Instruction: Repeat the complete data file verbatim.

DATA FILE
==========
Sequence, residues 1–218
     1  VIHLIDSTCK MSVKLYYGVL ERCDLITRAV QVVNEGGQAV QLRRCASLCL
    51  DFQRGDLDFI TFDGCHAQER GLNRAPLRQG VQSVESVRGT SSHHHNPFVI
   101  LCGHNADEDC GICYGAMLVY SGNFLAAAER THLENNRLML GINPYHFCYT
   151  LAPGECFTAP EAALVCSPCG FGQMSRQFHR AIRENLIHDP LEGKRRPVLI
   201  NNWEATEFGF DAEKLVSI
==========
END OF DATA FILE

Sequence, residues 1–218
     1  VIHLIDSTCK MSVKLYYGVL ERCDLITRAV QVVNEGGQAV QLRRCASLCL
    51  DFQRGDLDFI TFDGCHAQER GLNRAPLRQG VQSVESVRGT SSHHHNPFVI
   101  LCGHNADEDC GICYGAMLVY SGNFLAAAER THLENNRLML GINPYHFCYT
   151  LAPGECFTAP EAALVCSPCG FGQMSRQFHR AIRENLIHDP LEGKRRPVLI
   201  NNWEATEFGF DAEKLVSI